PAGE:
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The news is full of stories about upcoming budget cuts, and that will continue until the legislature adopts a budget later this summer.  The coverage is inevitable and important given the historic budget crisis confronting North Carolina.  My interest is in keeping you informed about what is happening and its likely consequences for the School.  This post will give you some context for understanding the magnitude of the state’s budget woes, and it also will explain the round of cuts that the School received last week.

Context: The State and UNC System

The budget challenge facing North Carolina is the greatest since the Great Depression.  In a nutshell, the state is facing a gap of $3.7 billion between expected revenue and projected expenditures for fiscal year 2011-2012 (which starts July 1, 2011).  A variety of factors are contributing to the gap, but there are two big ones.  The first is the expiration of $1.6 billion in federal stimulus funding that was used to cover recurring expenditures in the budget.  The second is the expiration of a 1% increase in the sales tax that has generated $1.1 billion in revenue.  The stimulus money will not be replaced by the federal government, and the prevailing expectation is that the 1% sales tax increase will not be continued.  When combined with $1 billion worth of other factors, the result is a deficit of $3.7 billion.  The focus is on closing the gap through cuts that reduce expenses because it is unlikely to happen through increased taxes or other state revenue.

The campuses have been instructed by President Ross to plan for a possible cut of 15% to our state funding.  The $3.7 billion shortfall amounts to approximately 17% of the state budget.  Education is the largest category of the budget (57%) by a wide margin, and universities account for 14.1% of total state spending.  Most of the education spending is discretionary.  Other state budget categories contain more spending that is legally mandated, as well as more linkages to federal funding that will be lost if there is a cut in state spending.  Funding for education therefore will be under enormous pressure in the upcoming legislative session.  There is no way to predict exactly how much university budgets finally will be cut.  Chancellor Peacock at Appalachian State University, for example, has instructed his campus to prepare for a possible 20% permanent cut to their state funding.

Planning Scenarios

I am working with our Budget Committee (Tom Thornburg, Todd Nicolet, and Brad Volk) on two different planning scenarios—15% and 18% permanent cuts to our state-appropriated budget.  These scenarios translate into potential cuts of roughly $1.3 million and $1.5 million for the School.  The legislature and the campus may take actions that reduce the permanent cuts for the University.  For example, Carolina might impose an across-the-board tuition increase that would offset a portion of the budget cuts.  It is impossible to predict what will happen, however, and so we are planning for the possibility of severe cuts to the School’s state funding.  In addition to working with the Budget Committee, I also will seek advice from the other members of the Management Team and the Dean’s Advisory Council on how to meet these cuts.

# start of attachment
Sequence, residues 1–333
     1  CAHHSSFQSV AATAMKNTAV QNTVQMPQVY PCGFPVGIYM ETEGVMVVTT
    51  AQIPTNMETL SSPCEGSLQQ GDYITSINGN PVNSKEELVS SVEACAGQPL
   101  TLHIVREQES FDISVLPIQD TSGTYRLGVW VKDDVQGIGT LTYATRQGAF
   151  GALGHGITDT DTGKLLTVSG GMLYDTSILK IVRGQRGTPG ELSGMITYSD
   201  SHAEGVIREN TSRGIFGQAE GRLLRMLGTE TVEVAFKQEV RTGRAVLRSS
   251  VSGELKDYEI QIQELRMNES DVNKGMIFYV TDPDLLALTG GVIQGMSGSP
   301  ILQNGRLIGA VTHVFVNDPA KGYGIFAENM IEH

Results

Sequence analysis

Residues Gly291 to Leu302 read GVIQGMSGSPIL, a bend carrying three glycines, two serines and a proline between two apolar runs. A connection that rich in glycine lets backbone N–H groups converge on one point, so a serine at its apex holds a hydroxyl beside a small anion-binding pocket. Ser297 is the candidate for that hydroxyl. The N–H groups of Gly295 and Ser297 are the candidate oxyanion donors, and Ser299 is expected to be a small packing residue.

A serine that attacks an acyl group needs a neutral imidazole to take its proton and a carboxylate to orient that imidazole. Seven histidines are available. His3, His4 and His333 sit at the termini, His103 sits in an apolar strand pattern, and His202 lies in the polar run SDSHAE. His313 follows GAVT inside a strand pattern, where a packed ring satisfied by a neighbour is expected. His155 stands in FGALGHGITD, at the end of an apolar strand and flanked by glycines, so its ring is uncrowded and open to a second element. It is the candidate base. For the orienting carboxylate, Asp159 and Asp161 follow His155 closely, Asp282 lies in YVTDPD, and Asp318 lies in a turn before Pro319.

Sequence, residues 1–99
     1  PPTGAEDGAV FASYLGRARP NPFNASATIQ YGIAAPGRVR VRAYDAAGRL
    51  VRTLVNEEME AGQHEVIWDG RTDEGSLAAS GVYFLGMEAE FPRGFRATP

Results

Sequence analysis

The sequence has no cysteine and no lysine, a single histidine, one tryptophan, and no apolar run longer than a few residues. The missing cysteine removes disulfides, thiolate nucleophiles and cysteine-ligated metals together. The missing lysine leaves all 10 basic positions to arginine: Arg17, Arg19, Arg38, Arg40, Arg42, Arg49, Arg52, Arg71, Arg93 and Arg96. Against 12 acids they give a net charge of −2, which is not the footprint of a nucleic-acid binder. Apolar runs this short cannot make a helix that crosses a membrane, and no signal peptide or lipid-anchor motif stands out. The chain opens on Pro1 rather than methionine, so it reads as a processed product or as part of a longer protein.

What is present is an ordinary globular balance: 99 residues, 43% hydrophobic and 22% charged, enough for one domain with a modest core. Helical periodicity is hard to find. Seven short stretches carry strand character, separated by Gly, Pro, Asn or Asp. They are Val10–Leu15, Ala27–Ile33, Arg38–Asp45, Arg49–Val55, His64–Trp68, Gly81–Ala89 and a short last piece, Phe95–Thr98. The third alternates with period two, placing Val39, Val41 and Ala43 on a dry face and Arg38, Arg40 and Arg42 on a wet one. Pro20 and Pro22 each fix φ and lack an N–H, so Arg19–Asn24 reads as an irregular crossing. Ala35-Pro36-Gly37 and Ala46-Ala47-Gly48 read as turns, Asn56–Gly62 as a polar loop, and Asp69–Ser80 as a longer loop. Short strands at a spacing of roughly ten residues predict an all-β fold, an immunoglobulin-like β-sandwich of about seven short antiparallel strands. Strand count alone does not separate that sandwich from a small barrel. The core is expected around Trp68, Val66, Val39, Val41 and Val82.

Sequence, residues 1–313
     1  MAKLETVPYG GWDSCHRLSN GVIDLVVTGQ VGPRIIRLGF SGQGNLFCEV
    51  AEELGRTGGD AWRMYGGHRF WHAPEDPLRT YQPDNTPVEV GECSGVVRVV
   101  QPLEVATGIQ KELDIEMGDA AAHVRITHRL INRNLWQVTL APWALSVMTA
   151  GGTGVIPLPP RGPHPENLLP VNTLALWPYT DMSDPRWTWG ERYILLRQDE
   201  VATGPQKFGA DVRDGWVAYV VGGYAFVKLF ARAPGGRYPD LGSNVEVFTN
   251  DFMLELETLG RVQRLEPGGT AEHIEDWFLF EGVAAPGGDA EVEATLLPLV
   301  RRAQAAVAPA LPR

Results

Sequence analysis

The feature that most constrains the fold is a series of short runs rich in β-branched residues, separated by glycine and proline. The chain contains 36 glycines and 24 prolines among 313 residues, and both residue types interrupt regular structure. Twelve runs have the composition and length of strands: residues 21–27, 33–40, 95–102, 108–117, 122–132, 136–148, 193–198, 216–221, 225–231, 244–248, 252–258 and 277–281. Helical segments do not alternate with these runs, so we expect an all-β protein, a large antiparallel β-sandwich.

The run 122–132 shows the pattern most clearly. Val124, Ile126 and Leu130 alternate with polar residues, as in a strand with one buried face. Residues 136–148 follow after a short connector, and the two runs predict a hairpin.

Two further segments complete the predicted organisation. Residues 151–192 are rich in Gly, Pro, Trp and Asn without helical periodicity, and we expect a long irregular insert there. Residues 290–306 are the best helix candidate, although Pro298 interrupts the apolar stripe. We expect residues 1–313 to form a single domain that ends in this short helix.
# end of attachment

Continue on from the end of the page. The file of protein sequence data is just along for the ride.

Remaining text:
This Round of Budget Cuts

We received our most recent round of cuts from South Building last week, and I want you to know what it means for the School.  This round has two different components.

1.      Non-Recurring Budget Cut   $357,143

We learned that our cut for the current fiscal year is $357,143, which is 4.2% of our state funding.  This is a so-called non-recurring cut, which means that the School must give back the money during the current fiscal year.  This sometimes is called a temporary cut because the money normally would be returned as a part of our state budget allocation for the next fiscal year (beginning July 1, 2011).  We have several possible sources of one-time money available to meet this non-recurring cut, and we must tell the Provost’s Office how we will do it by March 1.  This temporary cut is a significant loss of funds for the School, obviously, but we should be able to absorb it without taking any other special actions.

2.      Recurring Budget Cut   $510,204

We also were told last week that the School’s state budget for next fiscal year (2011-2012) will be cut permanently by $510,204, which is 6% of our total state-appropriated funding.  The interesting twist is that this cut must be fully implemented by the end of the current fiscal year.  It means that we are getting a head start on absorbing our permanent cuts for next fiscal year, which makes sense because postponing these inevitable cuts will only make things harder later.  This cut will count toward our total permanent cut in state funding next fiscal year.